In many neurological disorders, the ability to speak clearly and express oneself becomes difficult. Speech therapy, sometimes referred to as speech and language therapy, can help a person to speak and communicate more effectively. Therapists can help identify speech problems in patients and suggest ways to alleviate those problems.
Difficulties in speech vary between patients and are evaluated by an expert called a speech-language pathologist (SLP), who works with patients to help them in their social communication, fluency, and articulation of words.
Speech therapy uses several methods to improve communication, based on an SLP’s assessment, including strengthening of the mouth muscles, matching emotions with facial expressions, trying to understand body language, and voice modulation.
Speech therapy for Rett syndrome
One of the most prominent symptoms of Rett syndrome is difficulty in communication. Speech and language therapy for children with Rett syndrome can help parents or caregivers better understand the needs of the child and respond accordingly.
The loss of speech may be sudden or gradual, and is often accompanied by the loss of manual dexterity. To devise an effective regimen, an SLP tries to understand a child’s behavior before speech development (prelinguistic communication) — behaviors such as making eye contact, touching, rejecting contact, and reaching out. The SLP then works towards stimulating language, improving eye contact, and developing visual and cognitive skills to improve communication.
Speech therapy is continued throughout the stages of Rett syndrome and is adapted according to the changing needs of the child. SLPs may also use technological aids such as apps or devices to help with effective communication.
Alternative augmentative communication (AAC)
Children who face difficulty in speaking may prefer using visual cues or sign language to express their intentions. This form of communication is called alternative augmentative communication (AAC), which is divided into categories based on the level of technology used: no tech, low/medium tech, and high tech.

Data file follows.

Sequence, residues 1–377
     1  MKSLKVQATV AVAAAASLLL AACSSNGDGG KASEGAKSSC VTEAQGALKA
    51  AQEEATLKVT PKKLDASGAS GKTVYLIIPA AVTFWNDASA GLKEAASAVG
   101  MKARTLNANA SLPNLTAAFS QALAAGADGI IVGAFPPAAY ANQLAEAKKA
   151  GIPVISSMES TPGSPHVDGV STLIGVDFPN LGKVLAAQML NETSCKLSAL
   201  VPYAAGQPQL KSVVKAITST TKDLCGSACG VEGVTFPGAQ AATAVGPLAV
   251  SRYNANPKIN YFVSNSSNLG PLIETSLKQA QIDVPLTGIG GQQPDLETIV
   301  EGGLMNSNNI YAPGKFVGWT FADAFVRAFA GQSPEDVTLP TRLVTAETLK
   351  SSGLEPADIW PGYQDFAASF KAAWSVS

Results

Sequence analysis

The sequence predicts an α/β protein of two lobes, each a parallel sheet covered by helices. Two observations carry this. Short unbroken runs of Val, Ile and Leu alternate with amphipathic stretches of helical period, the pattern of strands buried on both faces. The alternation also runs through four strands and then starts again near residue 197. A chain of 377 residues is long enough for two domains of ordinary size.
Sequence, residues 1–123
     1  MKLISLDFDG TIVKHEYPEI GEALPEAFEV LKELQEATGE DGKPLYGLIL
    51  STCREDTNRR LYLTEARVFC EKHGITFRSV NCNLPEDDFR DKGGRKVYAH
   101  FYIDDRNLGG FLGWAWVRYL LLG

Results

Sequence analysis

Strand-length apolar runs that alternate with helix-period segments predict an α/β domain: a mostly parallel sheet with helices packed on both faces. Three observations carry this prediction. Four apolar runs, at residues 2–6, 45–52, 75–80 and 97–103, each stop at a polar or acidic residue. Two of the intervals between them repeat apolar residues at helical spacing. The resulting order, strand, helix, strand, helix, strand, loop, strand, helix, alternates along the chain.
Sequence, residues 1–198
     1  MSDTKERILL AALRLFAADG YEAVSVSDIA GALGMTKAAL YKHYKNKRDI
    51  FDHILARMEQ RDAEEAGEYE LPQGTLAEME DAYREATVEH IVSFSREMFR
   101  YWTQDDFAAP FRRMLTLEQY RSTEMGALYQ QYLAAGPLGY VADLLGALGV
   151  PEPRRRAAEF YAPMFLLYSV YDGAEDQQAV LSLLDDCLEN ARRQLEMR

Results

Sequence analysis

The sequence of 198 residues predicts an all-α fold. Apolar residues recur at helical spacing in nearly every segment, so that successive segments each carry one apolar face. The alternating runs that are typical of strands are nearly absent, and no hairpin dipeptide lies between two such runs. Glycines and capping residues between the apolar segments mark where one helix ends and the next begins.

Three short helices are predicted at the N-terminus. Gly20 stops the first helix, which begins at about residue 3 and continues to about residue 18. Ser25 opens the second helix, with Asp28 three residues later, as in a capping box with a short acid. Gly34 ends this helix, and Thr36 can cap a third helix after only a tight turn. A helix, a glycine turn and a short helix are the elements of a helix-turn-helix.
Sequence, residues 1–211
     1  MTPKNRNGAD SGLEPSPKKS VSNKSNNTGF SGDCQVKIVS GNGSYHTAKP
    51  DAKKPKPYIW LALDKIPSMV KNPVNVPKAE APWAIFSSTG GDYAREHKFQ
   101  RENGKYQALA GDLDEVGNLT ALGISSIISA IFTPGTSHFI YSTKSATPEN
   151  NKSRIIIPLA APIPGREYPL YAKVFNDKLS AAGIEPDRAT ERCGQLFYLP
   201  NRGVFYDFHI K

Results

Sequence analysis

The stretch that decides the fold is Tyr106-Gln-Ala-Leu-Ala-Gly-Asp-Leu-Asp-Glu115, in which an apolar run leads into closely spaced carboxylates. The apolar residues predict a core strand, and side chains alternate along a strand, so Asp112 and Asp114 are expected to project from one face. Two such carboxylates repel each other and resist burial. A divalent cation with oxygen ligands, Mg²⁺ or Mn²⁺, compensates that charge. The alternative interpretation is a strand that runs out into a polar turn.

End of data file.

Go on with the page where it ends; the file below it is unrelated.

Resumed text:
In no tech AAC, an SLP uses signs, pictures, flash cards, objects, and body language, but no speech, and observes the response pattern of the child.
Low/medium tech AAC includes devices with voice output, and the child has only one choice to produce an action. For example, pressing a switch activates something like playing a song or showing a picture.
High tech AAC offers the greatest flexibility and includes the use of computers and special programs to help with communication. It can help in the development of cognitive abilities and motor function as the child needs to physically interact with the device.
In addition to personal one-on-one communication, speech therapy can help with social communication by teaching children how to communicate with friends and other social groups.
Finally, an SLP can assess any breathing and swallowing difficulties and suggest workarounds for feeding-related challenges to ensure sufficient nutrition intake.
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